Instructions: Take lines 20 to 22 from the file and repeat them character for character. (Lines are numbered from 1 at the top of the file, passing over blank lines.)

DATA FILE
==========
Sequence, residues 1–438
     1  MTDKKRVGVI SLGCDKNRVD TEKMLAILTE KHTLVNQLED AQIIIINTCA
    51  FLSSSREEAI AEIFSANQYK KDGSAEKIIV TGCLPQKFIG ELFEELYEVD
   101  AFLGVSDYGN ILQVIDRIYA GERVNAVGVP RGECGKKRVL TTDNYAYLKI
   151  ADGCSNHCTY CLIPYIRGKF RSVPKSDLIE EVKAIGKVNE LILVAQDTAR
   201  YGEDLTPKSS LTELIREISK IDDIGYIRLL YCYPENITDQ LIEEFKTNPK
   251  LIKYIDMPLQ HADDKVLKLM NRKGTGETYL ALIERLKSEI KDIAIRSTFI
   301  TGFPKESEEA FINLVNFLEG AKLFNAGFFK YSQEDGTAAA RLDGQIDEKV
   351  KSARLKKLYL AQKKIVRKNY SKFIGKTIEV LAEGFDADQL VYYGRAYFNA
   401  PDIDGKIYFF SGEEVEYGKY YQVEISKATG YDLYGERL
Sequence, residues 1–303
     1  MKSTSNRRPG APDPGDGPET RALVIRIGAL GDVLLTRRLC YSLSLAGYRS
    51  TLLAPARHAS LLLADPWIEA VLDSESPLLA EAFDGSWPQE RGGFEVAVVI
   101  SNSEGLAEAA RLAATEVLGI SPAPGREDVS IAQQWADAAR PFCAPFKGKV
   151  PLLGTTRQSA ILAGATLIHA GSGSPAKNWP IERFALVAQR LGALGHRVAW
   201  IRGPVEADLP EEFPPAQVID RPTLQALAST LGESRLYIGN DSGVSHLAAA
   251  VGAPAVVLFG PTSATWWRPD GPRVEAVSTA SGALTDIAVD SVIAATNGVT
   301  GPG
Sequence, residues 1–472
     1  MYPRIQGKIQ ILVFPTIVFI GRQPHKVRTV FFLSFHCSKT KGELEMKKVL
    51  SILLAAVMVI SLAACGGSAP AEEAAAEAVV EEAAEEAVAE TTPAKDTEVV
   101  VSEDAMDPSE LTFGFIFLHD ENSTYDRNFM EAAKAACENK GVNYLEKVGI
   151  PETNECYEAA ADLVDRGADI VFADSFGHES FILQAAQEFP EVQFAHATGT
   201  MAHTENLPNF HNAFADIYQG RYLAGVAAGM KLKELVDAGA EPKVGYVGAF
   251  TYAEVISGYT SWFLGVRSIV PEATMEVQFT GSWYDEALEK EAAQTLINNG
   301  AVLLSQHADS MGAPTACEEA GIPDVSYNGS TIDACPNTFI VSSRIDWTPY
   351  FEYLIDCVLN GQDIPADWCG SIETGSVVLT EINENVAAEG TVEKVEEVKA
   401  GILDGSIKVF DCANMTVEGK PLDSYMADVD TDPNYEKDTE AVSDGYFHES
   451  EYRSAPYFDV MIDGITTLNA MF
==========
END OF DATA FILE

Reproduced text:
     1  MYPRIQGKIQ ILVFPTIVFI GRQPHKVRTV FFLSFHCSKT KGELEMKKVL
    51  SILLAAVMVI SLAACGGSAP AEEAAAEAVV EEAAEEAVAE TTPAKDTEVV
   101  VSEDAMDPSE LTFGFIFLHD ENSTYDRNFM EAAKAACENK GVNYLEKVGI